When you’re operating a modern-day data warehouse, documentation is simply part of the job. But it’s not necessarily the easiest or most logistically straightforward part of the process, while also being important. Documentation is, in fact, invaluable to the continued development, expansion, and enhancement of a data warehouse. It’s therefore important to understand everything that is entailed in adequately documenting, in order to ensure that your data warehouse processes run smoothly.
Understanding your Audience
One of the first things to understand is who you are compiling the documentation for. Support, developers, data visualisation experts, and business users could all be possible recipients. Before you answer this question, you really need to fully understand the way that your organisation operates, and open the lines of communication with the appropriate departments.
A two-way dialogue will be productive in this ongoing process. This process of communication will then help ensure that you keep the documents in line with the design. This is vitally important, as any conflicts here can render the whole process less than constructive than is ideal.
And it’s especially vital considering how fast documentation moves nowadays. Everything has gone online, and is based on Wiki. Whether it’s Confluence, SharePoint, or Teams, all sorts of Wiki documents are being produced by businesses with the intention of sharing important information. These shareable documents are updated with increasing regularity, meaning it is important to get your strategy in place before beginning.
Different approaches to data warehouse design can also impact the amount of time that a document is live before being updated. If you are lucky enough to make weekly changes to your data warehouse, you will be making incremental changes to the documentation itself. Development teams spend hours on updating the documentation rather than doing what they are good at….developing data solutions! Naturally, minimising this where possible is always preferable.
Self-Service Business Intelligence
Documentation is also crucial in self-service business intelligence. The integration of private and local data in this area, into existing reports, analyses or data models, requires accurate documentation. Data can be drawn in this area from Excel documents, flat files, or a variety of external sources.
By creating self-service functionality, business users can quickly integrate data into what can often be vital reports. Local data can even be used to extend the information delivered by data warehousing, which will limit the workload that is inevitably incumbent on data management. The pressure on business intelligence can be quite intense, so anything that lessens the load is certainly to be welcomed.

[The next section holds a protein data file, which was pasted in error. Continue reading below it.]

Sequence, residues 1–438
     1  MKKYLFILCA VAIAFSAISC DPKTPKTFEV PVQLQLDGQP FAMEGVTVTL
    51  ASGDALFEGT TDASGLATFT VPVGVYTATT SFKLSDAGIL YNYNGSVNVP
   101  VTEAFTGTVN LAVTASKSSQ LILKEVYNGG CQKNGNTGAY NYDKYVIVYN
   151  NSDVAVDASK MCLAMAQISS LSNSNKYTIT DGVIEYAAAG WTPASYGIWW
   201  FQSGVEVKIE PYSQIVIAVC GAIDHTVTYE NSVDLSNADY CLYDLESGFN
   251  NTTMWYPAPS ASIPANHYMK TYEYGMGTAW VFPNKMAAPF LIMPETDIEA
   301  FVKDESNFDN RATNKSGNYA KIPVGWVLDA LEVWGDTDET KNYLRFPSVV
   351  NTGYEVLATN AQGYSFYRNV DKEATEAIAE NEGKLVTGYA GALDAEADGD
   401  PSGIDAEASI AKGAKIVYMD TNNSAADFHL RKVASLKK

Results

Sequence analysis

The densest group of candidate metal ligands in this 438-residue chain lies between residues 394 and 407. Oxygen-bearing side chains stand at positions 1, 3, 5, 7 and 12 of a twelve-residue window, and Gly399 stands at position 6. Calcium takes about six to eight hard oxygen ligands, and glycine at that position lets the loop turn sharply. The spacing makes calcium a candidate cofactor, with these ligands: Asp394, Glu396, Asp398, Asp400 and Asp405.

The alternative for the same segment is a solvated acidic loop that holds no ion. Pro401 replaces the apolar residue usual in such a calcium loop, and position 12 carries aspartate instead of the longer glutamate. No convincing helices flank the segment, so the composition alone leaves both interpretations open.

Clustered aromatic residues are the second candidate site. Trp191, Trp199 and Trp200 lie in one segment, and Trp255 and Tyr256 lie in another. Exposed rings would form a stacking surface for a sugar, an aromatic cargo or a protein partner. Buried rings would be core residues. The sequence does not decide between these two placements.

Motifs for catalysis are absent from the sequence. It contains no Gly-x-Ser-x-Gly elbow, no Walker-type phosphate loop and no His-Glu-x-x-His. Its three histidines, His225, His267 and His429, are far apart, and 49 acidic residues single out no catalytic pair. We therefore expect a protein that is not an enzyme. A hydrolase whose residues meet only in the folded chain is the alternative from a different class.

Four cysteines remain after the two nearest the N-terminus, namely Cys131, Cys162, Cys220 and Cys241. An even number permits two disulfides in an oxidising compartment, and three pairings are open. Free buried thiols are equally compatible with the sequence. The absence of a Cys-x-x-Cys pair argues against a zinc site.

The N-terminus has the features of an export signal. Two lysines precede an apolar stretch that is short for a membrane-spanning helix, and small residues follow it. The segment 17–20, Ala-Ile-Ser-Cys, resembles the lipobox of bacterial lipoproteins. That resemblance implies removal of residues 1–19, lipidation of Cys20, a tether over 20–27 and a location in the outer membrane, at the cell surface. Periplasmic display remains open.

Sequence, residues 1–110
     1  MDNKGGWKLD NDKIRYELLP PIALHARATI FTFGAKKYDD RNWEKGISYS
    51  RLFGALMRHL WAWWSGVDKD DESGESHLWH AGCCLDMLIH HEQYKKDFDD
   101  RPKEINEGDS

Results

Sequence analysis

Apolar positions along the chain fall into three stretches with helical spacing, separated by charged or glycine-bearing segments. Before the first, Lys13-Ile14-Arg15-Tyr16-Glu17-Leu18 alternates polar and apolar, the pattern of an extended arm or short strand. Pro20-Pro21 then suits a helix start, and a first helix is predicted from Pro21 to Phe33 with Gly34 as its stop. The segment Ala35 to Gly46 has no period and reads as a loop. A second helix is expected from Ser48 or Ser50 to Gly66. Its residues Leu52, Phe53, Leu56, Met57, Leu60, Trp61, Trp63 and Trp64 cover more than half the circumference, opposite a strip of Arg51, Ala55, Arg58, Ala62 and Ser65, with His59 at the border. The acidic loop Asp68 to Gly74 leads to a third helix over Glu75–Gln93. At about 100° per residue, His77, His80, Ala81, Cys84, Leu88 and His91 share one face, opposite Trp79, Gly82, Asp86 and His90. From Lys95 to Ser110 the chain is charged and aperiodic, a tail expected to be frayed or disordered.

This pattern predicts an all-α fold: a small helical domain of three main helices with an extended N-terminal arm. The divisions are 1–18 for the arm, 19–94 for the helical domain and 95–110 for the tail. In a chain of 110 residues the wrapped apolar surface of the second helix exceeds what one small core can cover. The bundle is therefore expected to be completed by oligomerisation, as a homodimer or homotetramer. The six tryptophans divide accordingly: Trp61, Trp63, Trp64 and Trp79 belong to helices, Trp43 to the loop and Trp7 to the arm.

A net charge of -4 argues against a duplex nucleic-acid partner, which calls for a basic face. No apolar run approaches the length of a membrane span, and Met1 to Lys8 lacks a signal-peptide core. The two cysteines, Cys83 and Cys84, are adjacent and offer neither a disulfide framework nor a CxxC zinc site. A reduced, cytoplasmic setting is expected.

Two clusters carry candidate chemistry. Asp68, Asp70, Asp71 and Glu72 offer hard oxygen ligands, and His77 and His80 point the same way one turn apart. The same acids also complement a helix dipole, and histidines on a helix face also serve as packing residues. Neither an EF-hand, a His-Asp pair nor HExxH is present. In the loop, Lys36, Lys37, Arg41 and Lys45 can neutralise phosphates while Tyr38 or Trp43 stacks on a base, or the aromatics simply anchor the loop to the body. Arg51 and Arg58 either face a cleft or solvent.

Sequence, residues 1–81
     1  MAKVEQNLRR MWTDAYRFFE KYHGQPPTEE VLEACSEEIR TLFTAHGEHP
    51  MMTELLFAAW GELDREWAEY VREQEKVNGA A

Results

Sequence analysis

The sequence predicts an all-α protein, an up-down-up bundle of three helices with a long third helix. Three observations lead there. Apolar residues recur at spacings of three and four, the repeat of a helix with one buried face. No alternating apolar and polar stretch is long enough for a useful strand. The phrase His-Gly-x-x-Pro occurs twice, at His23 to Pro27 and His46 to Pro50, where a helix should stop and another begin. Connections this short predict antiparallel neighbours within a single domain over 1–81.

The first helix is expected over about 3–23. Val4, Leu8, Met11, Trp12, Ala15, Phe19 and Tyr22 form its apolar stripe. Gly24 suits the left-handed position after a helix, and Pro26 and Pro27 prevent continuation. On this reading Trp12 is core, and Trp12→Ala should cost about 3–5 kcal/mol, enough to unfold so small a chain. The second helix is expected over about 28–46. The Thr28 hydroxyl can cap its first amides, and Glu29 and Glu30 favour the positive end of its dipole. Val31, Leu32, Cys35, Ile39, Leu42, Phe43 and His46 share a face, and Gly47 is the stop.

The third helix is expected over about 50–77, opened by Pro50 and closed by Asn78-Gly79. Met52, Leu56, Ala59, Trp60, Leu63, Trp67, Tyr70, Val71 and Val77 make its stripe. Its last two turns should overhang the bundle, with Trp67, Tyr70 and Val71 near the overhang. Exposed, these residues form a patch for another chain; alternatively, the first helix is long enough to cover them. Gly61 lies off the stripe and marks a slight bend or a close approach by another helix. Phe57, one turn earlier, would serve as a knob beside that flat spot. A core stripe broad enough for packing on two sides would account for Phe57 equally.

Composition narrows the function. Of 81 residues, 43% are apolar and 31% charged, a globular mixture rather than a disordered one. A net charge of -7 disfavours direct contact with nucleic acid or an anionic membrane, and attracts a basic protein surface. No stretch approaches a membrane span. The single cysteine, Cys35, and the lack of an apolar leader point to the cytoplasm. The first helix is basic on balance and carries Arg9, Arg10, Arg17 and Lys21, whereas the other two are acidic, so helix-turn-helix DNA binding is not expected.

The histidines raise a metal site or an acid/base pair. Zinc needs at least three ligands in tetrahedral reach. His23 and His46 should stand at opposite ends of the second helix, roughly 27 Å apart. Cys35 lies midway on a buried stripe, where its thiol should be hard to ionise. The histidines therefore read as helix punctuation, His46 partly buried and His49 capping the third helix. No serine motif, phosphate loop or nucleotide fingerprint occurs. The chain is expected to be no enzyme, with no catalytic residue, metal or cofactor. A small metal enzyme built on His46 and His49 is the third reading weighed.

Another important aspect of documentation is that it reduces the number of questions that are typically directed at the IT and data warehousing teams. One thing anyone that works in IT knows only too intimately is the vast amount of pressure that can be heaped upon them by both internal and external enquiries. Again, anything that reduces this will certainly be favourable.
The data warehouse team also has huge responsibility within any organisation. They are required to produce a vast amount of information for front-end business users, and getting documentation right can certainly assist with this process.
Importance of Transparency
One important aspect of documentation that can sometimes be overlooked is the importance of transparency. This works on every level of an organisation, with the importance of sharing everything related to documents absolutely vital. Once this level of transparency is implemented, people who understand the data deeply can improve the documentation, or suggest changes to the Extract, Transform, and Load (ETL) and Extract, Load, and Transform (ELT), if this is indeed deemed necessary.
Conversely, it’s also important to understand that not all technology is suitable for documentation. As much as businesses and organisations would love this process to be completely holistic, this is not always possible.
Thus, packages such as Power BI, QlikView and QlikSense, and even Microsoft’s trusty Excel, are not necessarily ready to be documented. These software packages can use data, but often do not have the ability to provide a document set that explain how the data is being used, and for what purpose. Recently, Power BI has taken steps to ensure that the app can help with data lineage, but this remains better suited to IT teams, as opposed to Business Users.
Attempting to document data across multiple technologies is tricky, but Wikis can provide IT teams with the ability to collate all of this information into a central hub of knowledge, making access much more logistically convenient.
Ultimately, IT departments, data warehousing teams, and report developers should all be encouraged to produce documentation that contributes to the overall aims of their organisations. Anything excessively technical is not good enough for modern business requirements, especially considering the importance of communication, and of ensuring that everyone within an organisation is acquainted with as much vital data as possible.
Modern-day technology makes this goal a reality, and this means that it is increasingly an expectation of end-users. Failing to prepare properly in this area could indeed mean preparing to fail, as organisations will simply have failed to meet the compelling desires of the market. It is therefore vital for documentation to be dealt with diligently.
Getting this piece right, will go a long way to help with data governance!
If you would like to know more about how Engaging Data help comapnies to automate documentation, please contact us on the below.